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Soul of Remedies – Naja

Naja (prepared from the venom of the Indian cobra) has qualities common to other snake remedies – loquacity, wandering, attractive talk, malice, venom, jealousy, the feeling of two wills, etc. Its unique feature however is its feeling of duty consciousness. In my observation, Naja people have a certain quality of nobility about them, of morality, of responsibility. Often this feeling is in conflict with the feeling of having suffered wrong and neglect, with intense feelings of malice and impulse to neglect or harm the offending person. This emotional state is reflected in the following dream that one of the provers had. The prover, a woman, dreamt that she was staying as a paying guest in the house of an old woman. Once, around midnight, the latter asked the prover to vacate her room immediately, without giving her any reason or explanation. In fact she started to pick up the prover’s belongings and throw them down the stairs, almost pushing her out in the middle of the night. In doing so, she tumbled down the flight of stairs and broke her leg. She was shouting for help. The prover was then in a conflict between her duty and responsibility as a doctor which prompted her to go to the aid of her landlady, and her impulse to neglect her and make her suffer for the wrong that she had done to her. She woke up from this dream, feeling this “split” in her mind.

The cobra in India is both revered and respected as a God, as well as feared and killed as a poisonous snake. I have found that Naja people often threaten to strike, but don’t do it unless provoked to the extreme. This is rather like the behaviour of a cobra who raises its hood when approached, but doesn’t do anything if only passed by without being disturbed.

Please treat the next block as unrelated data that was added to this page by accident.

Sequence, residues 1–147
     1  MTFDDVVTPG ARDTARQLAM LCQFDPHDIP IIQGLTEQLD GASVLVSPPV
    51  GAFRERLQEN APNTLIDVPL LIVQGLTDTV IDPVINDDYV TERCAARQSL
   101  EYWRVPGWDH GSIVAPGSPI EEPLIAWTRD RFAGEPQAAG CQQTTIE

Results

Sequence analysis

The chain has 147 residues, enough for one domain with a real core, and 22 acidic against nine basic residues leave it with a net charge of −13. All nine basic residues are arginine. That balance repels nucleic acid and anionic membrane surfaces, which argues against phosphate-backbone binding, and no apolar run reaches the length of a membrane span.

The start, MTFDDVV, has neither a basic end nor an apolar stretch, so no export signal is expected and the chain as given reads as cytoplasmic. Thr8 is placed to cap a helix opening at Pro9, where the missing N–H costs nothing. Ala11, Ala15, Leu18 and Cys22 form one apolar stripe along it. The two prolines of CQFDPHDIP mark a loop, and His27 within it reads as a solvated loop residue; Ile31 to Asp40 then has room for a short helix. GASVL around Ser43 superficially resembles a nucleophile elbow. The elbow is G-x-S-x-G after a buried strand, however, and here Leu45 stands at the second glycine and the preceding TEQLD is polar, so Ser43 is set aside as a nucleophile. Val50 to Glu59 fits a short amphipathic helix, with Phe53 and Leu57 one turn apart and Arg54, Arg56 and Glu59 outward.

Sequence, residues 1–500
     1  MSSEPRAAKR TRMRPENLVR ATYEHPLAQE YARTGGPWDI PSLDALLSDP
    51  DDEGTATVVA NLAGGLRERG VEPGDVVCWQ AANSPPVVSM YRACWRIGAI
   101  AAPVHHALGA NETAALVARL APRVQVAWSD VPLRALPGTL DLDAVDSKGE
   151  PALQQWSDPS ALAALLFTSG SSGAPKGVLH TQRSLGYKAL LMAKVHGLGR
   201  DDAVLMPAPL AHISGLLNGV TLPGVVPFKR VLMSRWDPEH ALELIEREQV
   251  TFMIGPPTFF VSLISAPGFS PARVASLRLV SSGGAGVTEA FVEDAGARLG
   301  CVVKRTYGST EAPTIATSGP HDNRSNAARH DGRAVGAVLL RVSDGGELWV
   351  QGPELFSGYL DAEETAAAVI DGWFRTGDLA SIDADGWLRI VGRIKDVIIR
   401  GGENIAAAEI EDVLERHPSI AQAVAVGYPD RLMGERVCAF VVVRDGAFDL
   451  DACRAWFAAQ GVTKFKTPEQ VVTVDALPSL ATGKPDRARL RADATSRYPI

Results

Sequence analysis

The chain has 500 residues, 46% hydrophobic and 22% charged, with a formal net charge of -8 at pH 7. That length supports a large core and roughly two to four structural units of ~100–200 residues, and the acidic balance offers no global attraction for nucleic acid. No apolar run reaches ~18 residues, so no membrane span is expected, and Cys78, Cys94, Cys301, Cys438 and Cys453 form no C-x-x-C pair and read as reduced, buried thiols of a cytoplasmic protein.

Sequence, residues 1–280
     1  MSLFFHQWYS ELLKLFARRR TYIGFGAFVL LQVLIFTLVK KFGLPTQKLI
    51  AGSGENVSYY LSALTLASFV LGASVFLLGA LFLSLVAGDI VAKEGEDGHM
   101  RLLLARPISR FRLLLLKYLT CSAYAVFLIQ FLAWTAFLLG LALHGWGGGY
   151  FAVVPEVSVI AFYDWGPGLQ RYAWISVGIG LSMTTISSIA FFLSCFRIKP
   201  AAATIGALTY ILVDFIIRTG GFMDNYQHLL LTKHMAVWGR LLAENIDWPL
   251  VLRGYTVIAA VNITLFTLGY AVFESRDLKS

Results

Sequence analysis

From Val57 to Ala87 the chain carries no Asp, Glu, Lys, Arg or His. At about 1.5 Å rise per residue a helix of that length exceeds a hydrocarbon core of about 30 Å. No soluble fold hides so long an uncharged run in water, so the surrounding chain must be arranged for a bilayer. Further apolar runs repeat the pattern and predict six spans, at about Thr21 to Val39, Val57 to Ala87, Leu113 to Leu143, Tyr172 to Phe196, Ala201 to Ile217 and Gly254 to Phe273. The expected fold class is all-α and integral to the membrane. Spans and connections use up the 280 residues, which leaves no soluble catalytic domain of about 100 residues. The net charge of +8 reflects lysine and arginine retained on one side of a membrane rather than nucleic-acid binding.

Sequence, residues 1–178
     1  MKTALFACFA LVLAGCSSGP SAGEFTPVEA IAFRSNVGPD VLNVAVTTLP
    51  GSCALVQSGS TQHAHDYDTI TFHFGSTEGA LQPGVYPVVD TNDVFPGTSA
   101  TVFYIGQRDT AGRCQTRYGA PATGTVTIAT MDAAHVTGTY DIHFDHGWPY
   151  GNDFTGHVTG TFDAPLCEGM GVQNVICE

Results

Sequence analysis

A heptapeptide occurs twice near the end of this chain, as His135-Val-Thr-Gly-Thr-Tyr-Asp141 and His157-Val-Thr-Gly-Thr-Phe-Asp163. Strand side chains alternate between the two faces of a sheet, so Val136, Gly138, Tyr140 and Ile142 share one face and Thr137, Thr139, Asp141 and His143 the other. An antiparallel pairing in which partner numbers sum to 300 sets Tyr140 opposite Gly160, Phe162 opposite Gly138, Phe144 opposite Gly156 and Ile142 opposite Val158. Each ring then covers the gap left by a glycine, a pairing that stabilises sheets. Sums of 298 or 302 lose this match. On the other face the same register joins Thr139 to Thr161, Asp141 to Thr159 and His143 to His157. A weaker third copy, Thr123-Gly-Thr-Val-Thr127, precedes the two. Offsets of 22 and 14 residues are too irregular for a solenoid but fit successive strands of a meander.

Another feature that I have seen in Naja people is a brooding and suicidal state, a feeling as if everything had been done wrong and could not be rectified. This could happen in many situations, where there is a split between the feeling of duty and the feeling of having suffered wrong. An example of such a situation could be that of a daughter-in-law and a tyrannical mother-in-law, or even of a woman whose husband is having an extra marital affair. In both situations the feeling is often one of being neglected and wronged, with much anger and malice, but at the same time she may feel dutiful and responsible, and there is a constant conflict about this. This can eventually lead her into a depressive state with suicidal thoughts and impulses.

Among the symptoms found repeatedly in the provers and patients are:

Rubrics:

Phatak:

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To read about the philosophical approach to developing these remedy pictures, see Dr. Sankaran’s introduction to Soul of Remedies:   http://hpathy.com/homeopathy-papers/soul-of-remedies/